The Treasury Department is considering a deposit insurance change that could pinch small depositors even though it is aimed mainly at reducing coverage for the rich.

The department asked the Federal Deposit Insurance Corp. for its opinion on whether to restrict each American to three federally insured bank, savings institution or credit union accounts - regardless of how little money is in each, FDIC Chairman L. William Seidman said.The Bush administration, which is expected to offer Congress a comprehensive plan next year to overhaul the banking system, is trying to find a way to thwart wealthy Americans who have developed ways around the $100,000-per-account insurance limit.

Some use brokers to divide their money among a number of institutions. Others use a combination of single, joint and trust accounts to protect more than $100,000. Under existing rules, a couple with one child, for instance, can protect up to $1.2 million at a single bank.

Seidman said Treasury's idea "has some merits and ought to be looked at," but a trade group, the Independent Bankers' Association of America, is vigorously fighting it.

It argues that many Americans of modest means maintain more than three accounts. For instance, a depositor with six accounts - $1,000 in checking, $5,000 in savings, $2,000 in a credit union, $10,000 in an IRA retirement fund and two $1,000 certificates of deposit - would be allowed to designate only three of them as insured, even though the total - $20,000 - is far below the $100,000 limit.

"I think tens of millions of people would be adversely affected and their financial life rendered more uncertain at just the wrong time," said Kenneth Guenther, executive vice president of the independent bankers' group, which represents smaller, community banks.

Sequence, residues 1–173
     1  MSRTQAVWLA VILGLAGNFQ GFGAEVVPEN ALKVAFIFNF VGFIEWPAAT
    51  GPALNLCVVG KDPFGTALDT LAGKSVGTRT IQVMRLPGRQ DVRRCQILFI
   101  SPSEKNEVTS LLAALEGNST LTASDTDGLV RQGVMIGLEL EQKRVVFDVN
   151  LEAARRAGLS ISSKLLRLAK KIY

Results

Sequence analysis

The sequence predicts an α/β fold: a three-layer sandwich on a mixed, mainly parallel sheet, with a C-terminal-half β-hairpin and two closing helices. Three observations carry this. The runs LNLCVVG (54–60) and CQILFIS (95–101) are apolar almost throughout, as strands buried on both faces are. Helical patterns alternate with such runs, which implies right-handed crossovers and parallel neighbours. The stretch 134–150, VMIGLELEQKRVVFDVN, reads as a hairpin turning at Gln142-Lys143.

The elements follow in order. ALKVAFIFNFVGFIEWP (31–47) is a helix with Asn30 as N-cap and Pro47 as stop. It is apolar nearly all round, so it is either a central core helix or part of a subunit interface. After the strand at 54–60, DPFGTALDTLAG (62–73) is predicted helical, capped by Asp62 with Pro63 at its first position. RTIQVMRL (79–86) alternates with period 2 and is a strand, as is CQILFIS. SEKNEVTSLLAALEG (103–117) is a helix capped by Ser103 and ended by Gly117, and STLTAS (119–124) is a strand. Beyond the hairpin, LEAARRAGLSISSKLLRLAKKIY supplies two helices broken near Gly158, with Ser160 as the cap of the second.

"A lot of CDs (certificates of deposit) would wind up not being insured," he said.

However, Seidman said most small depositors likely would consolidate their accounts so that all of their money was guaranteed.

"This is much more likely to cut back on the guy who has quite a bit more money," he said.

A senior Treasury official, speaking on the condition of anonymity, said the definition of an account, for insurance purposes, could be changed so that savers could combine all of their certificates of deposit into one savings account with varying maturities.

The official stressed that limiting the number of accounts was "one of a number of proposals floating around" and "we are not in any sense embracing it."

However, Guenther's group, citing unidentified "top policy officials," said a limit on multiple accounts is "the reform concept most alive and well in Treasury circles."

The independent bankers have been lobbying against any cutback in deposit insurance. They argue that large banks, which regulators believe must be kept from failing to protect the financial system, would have an advantage in attracting deposits over smaller institutions whose failure would not threaten the system.

But many economists have cited the broad coverage of deposit insurance as one of the causes of the savings and loan debacle. Shaky institutions have no trouble attracting deposits because the accounts are federally guaranteed, they say.

Treasury Secretary Nicholas Brady said in July that the administration was considering ways to limit depositors to $100,000 coverage, but a letter from Guenther to members of his group was the first indication the administration is considering restrictions that could affect depositors with much less than $100,000.

In an effort to kill the proposal, the trade group on Wednesday sent member banks 250,000 protest postcards, to be filled out by customers and mailed to President Bush.

"We hope by Monday there will be 100,000 postcards at the White House," Guenther said.